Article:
The Montgomery County Council begins using a new district map that creates two seats in parts of the county that were underrepresented by Black, Latino and Asian residents. The new districts raise the number of council seats to seven, plus four at-large seats.
     For more information, contact The Legal Forum (www.legal-forum.net) at email: tramstack@gmail.com or phone: 202-479-7240.

Prince George’s County Sued
Over Allegations of Police Abuse

     Prince George’s County is facing another lawsuit over a police corporal whose alleged abuse already has resulted in a $20 million settlement with the family of a man the officer shot while he was handcuffed.
     The lawsuit filed this month accuses Cpl. Michael A. Owen Jr. of brutality in separate incidents against four men.
     It says his behavior demonstrates a “consistent and well-known history of police brutality.”
     “For 50 plus years, Prince George’s County has condoned the brutality inflicted by its police officers, refusing to implement effective training, oversight, or disciplinary measures for its officers to this very day,” says the lawsuit filed in U.S. District Court in Greenbelt.
     Owen is suspended without pay from the Prince George’s County Police Department and is awaiting trial on charges that include second-degree murder.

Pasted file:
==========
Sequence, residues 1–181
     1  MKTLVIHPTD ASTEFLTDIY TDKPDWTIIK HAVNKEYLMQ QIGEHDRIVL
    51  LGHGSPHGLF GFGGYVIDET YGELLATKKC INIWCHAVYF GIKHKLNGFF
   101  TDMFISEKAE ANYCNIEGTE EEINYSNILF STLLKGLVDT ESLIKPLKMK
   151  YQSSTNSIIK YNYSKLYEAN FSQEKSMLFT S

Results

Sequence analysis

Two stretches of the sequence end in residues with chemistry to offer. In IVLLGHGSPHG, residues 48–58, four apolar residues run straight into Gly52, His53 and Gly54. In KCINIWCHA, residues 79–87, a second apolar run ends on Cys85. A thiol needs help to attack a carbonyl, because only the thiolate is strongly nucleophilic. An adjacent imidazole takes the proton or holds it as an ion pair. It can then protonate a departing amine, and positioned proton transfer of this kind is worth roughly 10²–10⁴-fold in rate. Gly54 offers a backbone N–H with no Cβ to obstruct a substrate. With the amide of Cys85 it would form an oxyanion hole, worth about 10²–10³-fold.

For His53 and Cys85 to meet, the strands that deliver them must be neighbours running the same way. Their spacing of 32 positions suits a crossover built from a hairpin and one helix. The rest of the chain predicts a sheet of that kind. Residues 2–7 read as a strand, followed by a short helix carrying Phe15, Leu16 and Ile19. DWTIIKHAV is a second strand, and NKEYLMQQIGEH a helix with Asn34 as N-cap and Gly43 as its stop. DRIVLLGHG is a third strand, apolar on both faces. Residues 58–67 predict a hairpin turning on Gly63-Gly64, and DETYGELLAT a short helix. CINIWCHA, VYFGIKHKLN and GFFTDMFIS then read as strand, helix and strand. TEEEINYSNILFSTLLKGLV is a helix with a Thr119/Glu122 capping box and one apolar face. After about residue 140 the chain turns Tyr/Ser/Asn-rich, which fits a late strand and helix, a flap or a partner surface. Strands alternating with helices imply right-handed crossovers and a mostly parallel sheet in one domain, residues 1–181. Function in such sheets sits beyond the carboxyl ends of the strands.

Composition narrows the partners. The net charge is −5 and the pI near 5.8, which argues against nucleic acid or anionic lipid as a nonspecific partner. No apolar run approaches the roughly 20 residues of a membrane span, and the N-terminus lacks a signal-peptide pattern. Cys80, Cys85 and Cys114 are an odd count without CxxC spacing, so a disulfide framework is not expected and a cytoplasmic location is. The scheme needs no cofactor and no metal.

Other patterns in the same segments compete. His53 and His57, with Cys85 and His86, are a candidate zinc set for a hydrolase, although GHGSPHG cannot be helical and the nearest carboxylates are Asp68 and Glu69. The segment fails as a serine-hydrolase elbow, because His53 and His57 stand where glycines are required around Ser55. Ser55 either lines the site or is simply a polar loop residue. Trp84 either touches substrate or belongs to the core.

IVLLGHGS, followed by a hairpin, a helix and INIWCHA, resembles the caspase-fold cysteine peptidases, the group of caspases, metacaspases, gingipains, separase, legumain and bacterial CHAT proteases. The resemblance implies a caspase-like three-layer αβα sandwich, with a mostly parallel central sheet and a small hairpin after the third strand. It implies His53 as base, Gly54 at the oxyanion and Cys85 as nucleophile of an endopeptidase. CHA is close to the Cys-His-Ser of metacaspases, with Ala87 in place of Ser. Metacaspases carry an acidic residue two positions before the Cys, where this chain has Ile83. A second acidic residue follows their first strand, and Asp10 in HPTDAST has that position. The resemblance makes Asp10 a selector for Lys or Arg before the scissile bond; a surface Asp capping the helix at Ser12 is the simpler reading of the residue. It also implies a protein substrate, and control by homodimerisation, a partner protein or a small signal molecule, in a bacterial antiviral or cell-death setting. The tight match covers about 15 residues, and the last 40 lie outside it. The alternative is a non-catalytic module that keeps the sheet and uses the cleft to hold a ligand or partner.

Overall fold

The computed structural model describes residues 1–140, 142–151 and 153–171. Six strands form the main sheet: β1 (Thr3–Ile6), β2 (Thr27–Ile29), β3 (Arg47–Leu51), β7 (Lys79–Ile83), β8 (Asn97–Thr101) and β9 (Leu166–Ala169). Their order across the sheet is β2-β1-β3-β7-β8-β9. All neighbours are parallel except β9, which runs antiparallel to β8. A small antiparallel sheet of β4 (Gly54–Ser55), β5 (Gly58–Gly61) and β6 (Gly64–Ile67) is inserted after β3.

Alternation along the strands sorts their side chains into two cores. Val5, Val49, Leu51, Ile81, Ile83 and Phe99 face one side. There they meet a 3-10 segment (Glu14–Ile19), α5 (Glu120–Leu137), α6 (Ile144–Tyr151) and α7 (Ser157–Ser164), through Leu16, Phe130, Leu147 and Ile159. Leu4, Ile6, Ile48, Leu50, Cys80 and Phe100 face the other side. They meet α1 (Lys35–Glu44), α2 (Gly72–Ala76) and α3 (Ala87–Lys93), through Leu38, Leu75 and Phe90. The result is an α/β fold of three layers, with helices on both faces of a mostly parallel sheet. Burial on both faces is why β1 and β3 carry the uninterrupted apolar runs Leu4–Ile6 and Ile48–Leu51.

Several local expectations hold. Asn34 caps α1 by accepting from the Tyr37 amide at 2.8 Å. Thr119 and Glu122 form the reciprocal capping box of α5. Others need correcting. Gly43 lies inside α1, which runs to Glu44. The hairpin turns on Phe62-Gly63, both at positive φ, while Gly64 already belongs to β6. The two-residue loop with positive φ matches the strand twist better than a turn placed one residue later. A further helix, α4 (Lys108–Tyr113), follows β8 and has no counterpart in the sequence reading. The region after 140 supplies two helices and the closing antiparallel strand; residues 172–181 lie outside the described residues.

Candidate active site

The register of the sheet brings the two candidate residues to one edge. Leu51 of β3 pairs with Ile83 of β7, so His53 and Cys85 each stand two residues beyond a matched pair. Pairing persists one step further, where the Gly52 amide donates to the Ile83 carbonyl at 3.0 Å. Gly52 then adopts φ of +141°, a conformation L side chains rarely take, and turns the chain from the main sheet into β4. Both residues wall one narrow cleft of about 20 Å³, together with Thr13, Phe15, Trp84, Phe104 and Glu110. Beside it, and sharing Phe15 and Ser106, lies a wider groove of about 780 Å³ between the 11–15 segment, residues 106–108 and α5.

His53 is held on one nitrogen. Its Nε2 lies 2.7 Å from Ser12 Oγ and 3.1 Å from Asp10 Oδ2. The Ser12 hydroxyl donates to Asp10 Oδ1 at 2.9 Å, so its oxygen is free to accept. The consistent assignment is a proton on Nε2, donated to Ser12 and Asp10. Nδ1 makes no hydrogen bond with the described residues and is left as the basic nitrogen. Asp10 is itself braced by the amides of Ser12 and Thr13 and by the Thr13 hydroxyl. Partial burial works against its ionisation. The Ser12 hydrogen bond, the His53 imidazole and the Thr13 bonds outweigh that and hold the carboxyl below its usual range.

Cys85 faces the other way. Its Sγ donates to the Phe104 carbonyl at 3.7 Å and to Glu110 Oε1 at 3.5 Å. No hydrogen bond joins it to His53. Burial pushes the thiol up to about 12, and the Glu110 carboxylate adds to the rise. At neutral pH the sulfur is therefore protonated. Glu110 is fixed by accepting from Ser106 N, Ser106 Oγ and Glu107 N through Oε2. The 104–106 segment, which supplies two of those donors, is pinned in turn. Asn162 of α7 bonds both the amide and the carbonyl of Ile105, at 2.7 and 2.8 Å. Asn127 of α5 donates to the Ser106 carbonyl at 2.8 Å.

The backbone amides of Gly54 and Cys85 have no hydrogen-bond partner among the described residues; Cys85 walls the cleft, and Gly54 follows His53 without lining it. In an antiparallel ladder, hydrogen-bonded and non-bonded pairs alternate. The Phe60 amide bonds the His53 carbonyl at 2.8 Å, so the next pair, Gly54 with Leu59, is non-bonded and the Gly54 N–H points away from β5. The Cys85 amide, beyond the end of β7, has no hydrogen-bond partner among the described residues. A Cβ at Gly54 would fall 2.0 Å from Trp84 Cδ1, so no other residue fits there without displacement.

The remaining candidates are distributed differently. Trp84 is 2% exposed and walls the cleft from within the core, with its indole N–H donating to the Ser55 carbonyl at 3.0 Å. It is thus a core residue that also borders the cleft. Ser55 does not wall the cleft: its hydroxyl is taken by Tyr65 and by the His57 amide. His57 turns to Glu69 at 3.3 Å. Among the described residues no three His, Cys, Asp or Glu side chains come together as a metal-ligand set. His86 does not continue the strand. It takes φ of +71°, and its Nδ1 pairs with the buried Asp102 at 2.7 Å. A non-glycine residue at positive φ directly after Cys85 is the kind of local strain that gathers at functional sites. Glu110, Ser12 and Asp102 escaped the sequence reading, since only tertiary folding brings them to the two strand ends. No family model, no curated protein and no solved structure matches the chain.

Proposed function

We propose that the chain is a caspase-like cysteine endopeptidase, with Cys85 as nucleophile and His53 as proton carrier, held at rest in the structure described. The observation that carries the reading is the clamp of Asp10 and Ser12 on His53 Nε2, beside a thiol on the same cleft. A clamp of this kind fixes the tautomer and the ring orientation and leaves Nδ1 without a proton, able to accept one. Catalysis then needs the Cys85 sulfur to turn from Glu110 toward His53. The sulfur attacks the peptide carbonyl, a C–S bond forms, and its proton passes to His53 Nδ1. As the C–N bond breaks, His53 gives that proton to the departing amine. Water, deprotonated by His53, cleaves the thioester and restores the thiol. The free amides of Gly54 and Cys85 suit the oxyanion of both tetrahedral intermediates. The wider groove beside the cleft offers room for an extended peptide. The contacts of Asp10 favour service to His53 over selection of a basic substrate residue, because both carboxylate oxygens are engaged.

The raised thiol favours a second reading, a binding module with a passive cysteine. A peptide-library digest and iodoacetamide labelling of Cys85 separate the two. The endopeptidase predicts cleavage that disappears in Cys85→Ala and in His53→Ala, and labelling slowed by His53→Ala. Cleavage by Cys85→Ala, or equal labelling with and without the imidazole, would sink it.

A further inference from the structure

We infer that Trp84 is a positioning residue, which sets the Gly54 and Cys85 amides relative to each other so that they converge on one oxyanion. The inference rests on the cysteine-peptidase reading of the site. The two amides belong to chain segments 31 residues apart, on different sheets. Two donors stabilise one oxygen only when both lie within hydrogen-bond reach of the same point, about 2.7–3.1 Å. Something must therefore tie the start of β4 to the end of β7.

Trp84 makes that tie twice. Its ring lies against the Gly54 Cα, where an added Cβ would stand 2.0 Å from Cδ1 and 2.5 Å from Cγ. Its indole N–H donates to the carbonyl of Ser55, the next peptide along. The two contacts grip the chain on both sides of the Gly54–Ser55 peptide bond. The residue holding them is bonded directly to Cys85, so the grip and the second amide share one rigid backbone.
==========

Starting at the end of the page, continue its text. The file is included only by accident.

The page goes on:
The murder charge results from the fatal shooting of William Green. His family’s attorneys say Owen shot him multiple times while Green was sitting in the front seat of a police cruiser with his hands cuffed behind his back.
     The $20 million settlement in 2020 was negotiated by the Baltimore-based firm of Murphy, Falcon & Murphy. The same firm is representing the four men suing in the consolidated lawsuit filed this month.
     Each of the plaintiffs seek more than $75,000 in compensation for “physical, emotional, mental, and financial injuries.” They also ask for punitive damages.
     One of them is Jerry A. Costen Sr., a tow truck driver who says he was helping his niece with her malfunctioning car when Owen mistakenly accused him of wrongdoing. He says Owen knocked him to the ground while he was handcuffed and pressed his fingers into his neck.
     A second plaintiff is Devonne Gaillard Jr., who says Owen grabbed him and hit him in his neck after Gaillard argued with his girlfriend at a Temple Hills home.